Joint Hearing of the Committee on Homeland Security and Governmental Affairs of the U.S. Senate and the Committee on Veterans’ Affairs of the U.S. House of Representatives at 1:00 p.m. CDT.
Witness Testimony of Richard Daley, Paralyzed Veterans of America, Associate Legislation Director
Chairman Hall, Ranking Member Lamborn, members of the Subcommittee, Paralyzed Veterans of America (PVA) would like to thank you for the opportunity to testify today on H.R. 1137, H.R. 3047, “The Veterans Claims Processing Innovation Act of 2007,” H.R. 3249, the “Veterans Burial Benefits Improvement Act of 2007,” H.R. 3286, H.R. 3415, and H.R. 3954, “The Providing Military Honors for our Nation’s Heroes Act”.
H.R. 1137, the “Medal of Honor Special Pension”
PVA supports H.R. 1137, a bill that would increase the Medal of Honor Special Pension from the current $1,000 per month to $2,000 per month. Millions of men and women have served this nation during periods of conflict; very few have ever received this nation’s highest award for valor, the Medal of Honor. There are only 109 living recipients of this prestigious award, dating back to their service in World War II. PVA supports the increase of this special pension for these American heroes.
H.R. 3047, the “Veterans Claims Processing Innovation Act of 2007”
We generally support H.R. 3047, the “Veterans Claims Processing Innovation Act of 2007.” PVA along with other veterans’ service organizations are very concerned about the backlog of claims in the Veterans Benefits Administration. We know from recent testimony that the VA is trying to reduce the time of processing a new claim from the current 188 days. We believe that a veteran injured while serving their country should not have to wait that long for his or her claim to be processed. PVA supports this effort to help alleviate some of the backlog.
Section 2 of the bill will establish a process that places an emphasis on the accuracy of the claims completed. If a VA regional office cannot receive credit for a claim until it is finally decided, we believe this will create an incentive to do it right the first time.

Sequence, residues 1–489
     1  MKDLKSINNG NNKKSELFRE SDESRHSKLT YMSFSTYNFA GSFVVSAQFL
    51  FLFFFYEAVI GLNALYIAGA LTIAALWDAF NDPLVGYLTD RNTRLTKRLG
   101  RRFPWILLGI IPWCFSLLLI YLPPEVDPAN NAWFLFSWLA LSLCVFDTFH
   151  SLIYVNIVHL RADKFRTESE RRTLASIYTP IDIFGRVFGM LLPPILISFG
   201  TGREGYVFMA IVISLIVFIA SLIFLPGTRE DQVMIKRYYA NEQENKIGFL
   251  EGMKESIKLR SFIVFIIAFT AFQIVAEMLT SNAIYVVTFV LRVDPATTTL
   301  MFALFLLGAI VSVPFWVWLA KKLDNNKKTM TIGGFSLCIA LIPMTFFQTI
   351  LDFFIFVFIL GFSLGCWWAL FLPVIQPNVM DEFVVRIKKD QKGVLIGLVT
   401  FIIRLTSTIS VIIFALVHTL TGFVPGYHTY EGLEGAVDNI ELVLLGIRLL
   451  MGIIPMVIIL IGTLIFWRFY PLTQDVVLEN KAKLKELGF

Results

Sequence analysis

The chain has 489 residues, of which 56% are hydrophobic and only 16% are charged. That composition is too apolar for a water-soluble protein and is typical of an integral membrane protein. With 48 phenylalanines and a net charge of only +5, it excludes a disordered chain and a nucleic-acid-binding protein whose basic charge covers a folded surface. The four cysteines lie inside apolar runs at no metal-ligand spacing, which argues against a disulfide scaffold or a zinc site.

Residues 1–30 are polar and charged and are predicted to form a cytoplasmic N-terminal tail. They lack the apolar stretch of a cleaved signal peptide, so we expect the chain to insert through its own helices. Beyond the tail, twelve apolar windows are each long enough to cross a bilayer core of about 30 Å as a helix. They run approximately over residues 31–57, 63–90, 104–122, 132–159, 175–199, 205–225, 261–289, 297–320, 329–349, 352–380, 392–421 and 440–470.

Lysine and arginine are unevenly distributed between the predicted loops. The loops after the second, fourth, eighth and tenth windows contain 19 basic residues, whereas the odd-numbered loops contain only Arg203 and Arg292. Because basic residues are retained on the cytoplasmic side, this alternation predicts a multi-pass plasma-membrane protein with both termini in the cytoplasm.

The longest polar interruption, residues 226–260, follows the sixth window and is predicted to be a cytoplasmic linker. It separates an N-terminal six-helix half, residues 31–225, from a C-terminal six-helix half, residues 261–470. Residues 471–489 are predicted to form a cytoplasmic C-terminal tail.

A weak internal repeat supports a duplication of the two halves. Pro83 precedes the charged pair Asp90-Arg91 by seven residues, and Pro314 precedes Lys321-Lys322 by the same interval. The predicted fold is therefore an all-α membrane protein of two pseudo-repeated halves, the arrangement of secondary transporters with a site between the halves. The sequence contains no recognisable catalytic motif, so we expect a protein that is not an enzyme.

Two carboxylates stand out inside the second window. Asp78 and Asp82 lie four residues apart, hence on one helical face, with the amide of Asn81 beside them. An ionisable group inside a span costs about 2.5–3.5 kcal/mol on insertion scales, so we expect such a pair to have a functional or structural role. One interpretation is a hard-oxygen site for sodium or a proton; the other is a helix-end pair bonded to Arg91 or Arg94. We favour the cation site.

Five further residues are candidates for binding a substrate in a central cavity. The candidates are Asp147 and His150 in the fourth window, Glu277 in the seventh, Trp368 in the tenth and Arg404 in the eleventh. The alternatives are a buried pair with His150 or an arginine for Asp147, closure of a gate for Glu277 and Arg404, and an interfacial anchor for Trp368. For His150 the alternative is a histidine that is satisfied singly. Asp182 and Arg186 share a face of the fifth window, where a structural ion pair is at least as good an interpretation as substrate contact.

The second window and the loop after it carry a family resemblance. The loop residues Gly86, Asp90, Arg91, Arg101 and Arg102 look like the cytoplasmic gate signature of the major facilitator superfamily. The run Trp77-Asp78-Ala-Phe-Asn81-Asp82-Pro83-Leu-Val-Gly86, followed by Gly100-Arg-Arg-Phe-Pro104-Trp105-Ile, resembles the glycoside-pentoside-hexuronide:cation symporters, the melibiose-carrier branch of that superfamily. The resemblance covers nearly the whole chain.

Section 3 of the bill involves electronic processing of claims. If software is available, or can be developed to help with the processing of claims we would support a pilot program to test the efficiency and accuracy of this program. The legislation suggests that the software would somehow replace the human ability to review and evaluate evidence in order to render an evaluation. PVA does not agree that software exist that can replace the human element. We believe that requiring the VA to retroactively scan in claims could create an additional burden. Perhaps this new system should be tested on new claimants only.
Section 4 of this bill would treat the beneficiary of a veteran’s accrued benefits as the claimant for the purpose of completing the submission of the claim. PVA supports this modification.
Section 5 of the bill requires evaluation of training and assessment programs for employees of the Veterans Benefits Administration (VBA). We support this section.
H.R. 3249, the “Veterans Burial Benefits Improvement Act of 2007”
PVA supports H.R. 3249, the “Veterans Burial Benefits Improvement Act of 2007.” The original burial allowance benefit enacted in 1973 was intended to help with the burial cost of the deceased veteran. The amount of the benefit paid to the family at that time was $150. In 1978 the amount was increased to the current $300 for a non-service connected veteran, and in 2001 the amount for service-connected deaths was increased to $2000. This benefit was never intended to pay for the burial of the veteran, but help with a portion of the cost. The value of this benefit has eroded with inflation. In accordance with the recommendations of The Independent Budget, the comprehensive budget andpolicy document created by veterans for veterans, we support this legislation that will increase this benefit to $1,270 for a veteran and $4100 for a service-connected disabled veteran.
We also support the increase in the plot allowance from the current amount of $300, to $745 for qualified veterans. This provision also reflects a recommendation of The Independent Budget. PVA supports the provision that would make an annual adjustment in the amounts paid for burial, funeral and plot allowance.
PVA supports H.R. 3286. This bill would reduce the period of time for which veterans must be totally disabled for the purpose of benefits provided by the Secretary of Veterans Affairs for survivors of certain veterans rated totally disabled at the time of death. It would reduce the required time for the veterans’ totally disabled rating from the current 10 year period to one year.
PVA supports H.R. 3415,a bill to authorize the placement of memorial markers in a national cemetery for the purpose of commemorating service members or other persons whose remains are interred in an American Battle Monuments Commission cemetery.
PVA supports H.R. 3954, “Providing Military Honors for our Nation’s Heroes Act”. In National cemeteries across the country dedicated veterans regularly perform the honorable ceremony of a military burial for fellow veterans. Usually the veterans providing this service are retired, living on a fixed and limited income and they may have traveled some distance. To reimburse these veterans for their expenses for performing this ceremony of recognition of service to the nation would be appropriate.
Chairman Hall, Ranking Member Lamborn, thank you again for allowing PVA to provide our views on these important measures. We look forward to working with the Subcommittee to ensure that meaningful reforms are enacted. I would be happy to answer any questions you may have.